So to fix that, in the current implementation while storing the article data in the database I process the markup first and create the necessary rich content embeds from the liquid tags then store the resulting html as one of the properties of the blog post alongside the raw markdown that I later use when updating my article.

Let's proceed with the features.

1. Code Highlighting

Initially the post details page as illustrated below contained code blocks that I styled manually to reflect the site's colors, but there is so much you can do with CSS and styling html code blocks, so I wasn't satisfied with that look and was looking forward to make some changes.

Design pre-code block highlighting with highlightjs

The Solution

I decided to use marked to parse the markdown code and highlightJs to highlight code blocks, both their documentations come quite handy when trying to accomplish this task.

Here are the instructions.

On your project start by installing highlightjs and marked

$ npm i highlightjs marked
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Then initialize them utilizing highlightjs' core library:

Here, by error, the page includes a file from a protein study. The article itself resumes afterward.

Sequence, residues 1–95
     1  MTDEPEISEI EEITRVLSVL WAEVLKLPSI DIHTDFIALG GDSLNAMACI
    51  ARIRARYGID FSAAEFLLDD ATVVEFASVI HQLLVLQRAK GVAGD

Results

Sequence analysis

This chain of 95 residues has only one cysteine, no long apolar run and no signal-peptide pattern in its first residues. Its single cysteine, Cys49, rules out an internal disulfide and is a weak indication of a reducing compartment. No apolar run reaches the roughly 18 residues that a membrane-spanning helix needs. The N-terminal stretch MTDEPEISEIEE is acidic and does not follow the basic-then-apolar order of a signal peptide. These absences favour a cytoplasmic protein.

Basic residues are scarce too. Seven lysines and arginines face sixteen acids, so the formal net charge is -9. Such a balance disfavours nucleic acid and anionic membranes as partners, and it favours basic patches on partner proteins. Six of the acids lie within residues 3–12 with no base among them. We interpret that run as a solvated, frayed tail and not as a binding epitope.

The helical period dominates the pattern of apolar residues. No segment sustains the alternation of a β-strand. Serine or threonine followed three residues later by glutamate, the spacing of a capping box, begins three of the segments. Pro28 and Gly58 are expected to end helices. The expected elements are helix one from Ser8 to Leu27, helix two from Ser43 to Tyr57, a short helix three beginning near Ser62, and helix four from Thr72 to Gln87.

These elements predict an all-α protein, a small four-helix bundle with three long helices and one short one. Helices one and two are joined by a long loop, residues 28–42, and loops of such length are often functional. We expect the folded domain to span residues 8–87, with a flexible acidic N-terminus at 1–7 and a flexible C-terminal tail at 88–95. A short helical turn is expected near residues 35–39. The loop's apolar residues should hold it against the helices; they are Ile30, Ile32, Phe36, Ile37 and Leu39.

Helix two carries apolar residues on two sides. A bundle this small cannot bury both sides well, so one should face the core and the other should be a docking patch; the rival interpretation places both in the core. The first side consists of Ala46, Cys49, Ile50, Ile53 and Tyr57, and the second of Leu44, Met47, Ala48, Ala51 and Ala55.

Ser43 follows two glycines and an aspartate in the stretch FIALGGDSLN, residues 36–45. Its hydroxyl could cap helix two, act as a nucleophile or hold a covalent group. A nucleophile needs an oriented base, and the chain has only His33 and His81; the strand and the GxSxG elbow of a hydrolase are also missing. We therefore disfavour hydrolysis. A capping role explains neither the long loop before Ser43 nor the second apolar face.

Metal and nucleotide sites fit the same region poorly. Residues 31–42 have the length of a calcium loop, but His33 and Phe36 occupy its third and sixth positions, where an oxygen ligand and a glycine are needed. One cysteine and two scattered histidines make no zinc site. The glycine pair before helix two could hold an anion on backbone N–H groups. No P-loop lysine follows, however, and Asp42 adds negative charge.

const hljs = require('highlight.js/lib/core')
const marked = require('marked')
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Since you would want to work with a small footprint as possible I'd advise that you use higlightjs by loading just the libraries you need, for example when trying to highlight a Javascript code block just load the library responsible for highlighting Javascript - hljs.registerLanguage('javascript', require('highlight.js/lib/languages/javascript')).

Given that you might write a blog post having a number of code blocks not necessarily of the same language the following custom marked renderer can help you cover that while still keeping a small footprint:

// code higlighter
const renderer = { 
  code( code, infostring, escaped){